Kansas City, Mo., has taken a new approach to a challenge many cities face—outdated sewer systems that overflow due to stormwater. The city’s green solutions pilot program is designed to not only reduce overflows and improve water quality but also encompass a broader movement of urban renewal.
“What started as a water systems project evolved into the bigger picture of how stormwater improvements can help improve neighborhoods and create community amenities,” said David Dods, senior environmental engineer and a green solutions practice leader at URS Corporation. “Instead of simply burying pipes underground, this program brings success to the surface in multiple, meaningful ways.”
Kansas City is investing $2.5 billion to correct the combined sewer overflow system over the next 25 years. It’s the largest public works project in the city’s history and the largest green infrastructure CSO pilot in the nation. Kansas City Water Services Department estimates that the green infrastructure practices that are being put in place have the potential to save the city approximately $10 million in capital costs compared to conventional infrastructure techniques.
“The added benefit of the green infrastructure approach, as opposed to simply putting bigger or separate pipes in the ground, is that green infrastructure actually rebuilds neighborhood streetscapes,” said Dods. Other benefits include cleaner streams and rivers in the area, improved air quality due to more vegetation, greener neighborhoods and a healthier environment for the future.
By incorporating green landscapes, such as rain gardens and vegetation, as well as porous concrete sidewalks and curb extensions, the goal is to reduce sewer overflows by keeping stormwater out of the sewers rather than transporting and treating water after it is already in the sewer system.
What makes this project progressive is the collaborative nature between departments, disciplines and community members as well as the mindset to solve several problems at once.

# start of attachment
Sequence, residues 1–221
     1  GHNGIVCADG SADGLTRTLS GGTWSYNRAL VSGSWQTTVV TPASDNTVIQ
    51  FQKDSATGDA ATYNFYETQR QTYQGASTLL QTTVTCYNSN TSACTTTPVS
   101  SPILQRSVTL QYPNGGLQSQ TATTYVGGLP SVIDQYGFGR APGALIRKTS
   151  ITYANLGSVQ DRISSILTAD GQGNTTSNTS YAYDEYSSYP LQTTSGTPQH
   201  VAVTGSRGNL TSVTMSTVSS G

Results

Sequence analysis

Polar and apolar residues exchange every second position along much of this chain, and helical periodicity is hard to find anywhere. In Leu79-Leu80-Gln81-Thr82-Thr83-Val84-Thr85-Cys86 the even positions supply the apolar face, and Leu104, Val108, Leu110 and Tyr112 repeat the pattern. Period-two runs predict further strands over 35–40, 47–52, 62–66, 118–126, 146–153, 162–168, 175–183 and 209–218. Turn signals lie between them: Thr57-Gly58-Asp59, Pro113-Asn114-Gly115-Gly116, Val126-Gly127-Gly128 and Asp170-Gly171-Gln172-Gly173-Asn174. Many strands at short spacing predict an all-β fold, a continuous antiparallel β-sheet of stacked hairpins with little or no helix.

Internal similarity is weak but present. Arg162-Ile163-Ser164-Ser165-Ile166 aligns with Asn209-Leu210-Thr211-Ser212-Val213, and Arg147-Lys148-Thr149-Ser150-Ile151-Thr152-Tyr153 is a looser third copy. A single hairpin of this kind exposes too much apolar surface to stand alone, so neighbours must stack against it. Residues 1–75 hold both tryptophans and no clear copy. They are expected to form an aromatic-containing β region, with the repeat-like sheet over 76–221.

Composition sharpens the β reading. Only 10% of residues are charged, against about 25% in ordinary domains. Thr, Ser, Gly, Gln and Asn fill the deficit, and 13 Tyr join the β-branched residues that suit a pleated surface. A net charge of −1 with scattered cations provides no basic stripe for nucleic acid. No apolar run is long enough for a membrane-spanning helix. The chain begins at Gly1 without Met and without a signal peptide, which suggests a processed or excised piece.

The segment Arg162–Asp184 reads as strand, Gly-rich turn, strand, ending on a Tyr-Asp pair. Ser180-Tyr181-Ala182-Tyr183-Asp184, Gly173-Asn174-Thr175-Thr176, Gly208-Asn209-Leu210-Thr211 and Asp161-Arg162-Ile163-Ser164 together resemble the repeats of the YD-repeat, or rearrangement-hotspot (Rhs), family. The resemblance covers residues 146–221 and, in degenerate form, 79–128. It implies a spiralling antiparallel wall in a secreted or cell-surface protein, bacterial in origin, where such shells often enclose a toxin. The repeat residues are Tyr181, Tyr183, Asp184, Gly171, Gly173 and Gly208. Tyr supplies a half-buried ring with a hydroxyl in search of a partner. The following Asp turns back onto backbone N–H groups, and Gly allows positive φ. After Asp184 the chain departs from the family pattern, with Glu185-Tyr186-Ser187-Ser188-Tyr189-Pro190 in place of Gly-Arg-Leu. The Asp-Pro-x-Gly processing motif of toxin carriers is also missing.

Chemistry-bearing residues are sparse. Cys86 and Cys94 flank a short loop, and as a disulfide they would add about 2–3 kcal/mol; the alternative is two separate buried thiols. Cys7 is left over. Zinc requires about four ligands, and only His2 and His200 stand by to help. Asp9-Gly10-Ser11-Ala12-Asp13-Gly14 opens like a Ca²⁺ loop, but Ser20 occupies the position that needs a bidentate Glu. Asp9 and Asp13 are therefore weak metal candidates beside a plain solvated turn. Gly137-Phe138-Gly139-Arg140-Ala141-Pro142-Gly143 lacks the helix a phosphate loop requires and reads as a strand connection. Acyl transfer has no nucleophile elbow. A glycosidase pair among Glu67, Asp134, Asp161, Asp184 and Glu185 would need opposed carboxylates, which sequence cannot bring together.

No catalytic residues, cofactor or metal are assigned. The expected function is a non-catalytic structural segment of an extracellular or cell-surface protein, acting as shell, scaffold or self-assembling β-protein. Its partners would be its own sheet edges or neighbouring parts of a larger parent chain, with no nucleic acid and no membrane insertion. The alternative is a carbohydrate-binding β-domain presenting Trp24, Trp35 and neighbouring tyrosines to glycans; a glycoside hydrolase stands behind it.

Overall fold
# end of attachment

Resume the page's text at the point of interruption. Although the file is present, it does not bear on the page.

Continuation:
When Dods and his colleagues met with residents to talk about stormwater, the residents brought up other issues like traffic speed, curbs, street noise, sidewalks and more. “We tried to address these issues as well when designing the system,” said Dods. The curb extensions slowed traffic, while the vegetation has sound dampening benefits. The aesthetic and structural improvements made to the sidewalks are enjoyed by residents on a daily basis.
Dods explained that by taking a traditional approach of just digging up pipes and replacing them, cities are missing opportunities to make larger improvements. “Kansas City looked at ways to address this in a creative, cost-effective manner that contributes to urban renewal. They saw that, in addition to addressing stormwater issues, they had an opportunity to revitalize neighborhoods.”
Dods’ advice to other cities looking to improve outdated sewer systems? “This type of program is most successful when done in a spirit of collaboration and community that crosses disciplines, breaks down department boundaries and engages residents and businesses,” he said.
Public outreach included yard street meetings with residents, recruitment of block captains, engagement with neighborhood associations, door-to-door meetings with business owners and distribution of informational materials through numerous media, including online, mailings and door hangers.
“The beauty of this project is that the water services department worked closely with public works, city council and neighborhood groups to come up with a program that solves multiple community needs at the same time,” he continued. “This will make for a successful and sustainable program in the long run, especially if residents are part of the process, believe in it and take ownership of it.”
Experts believe that the program has been successful thus far, although due to a long-term drought, there haven’t been a lot of opportunities to measure its effectiveness. Dods believes programs similar to Kansas City’s will become more common as the broader sustainable movement in the United States continues to grow and residents desire cleaner, greener and more livable cities.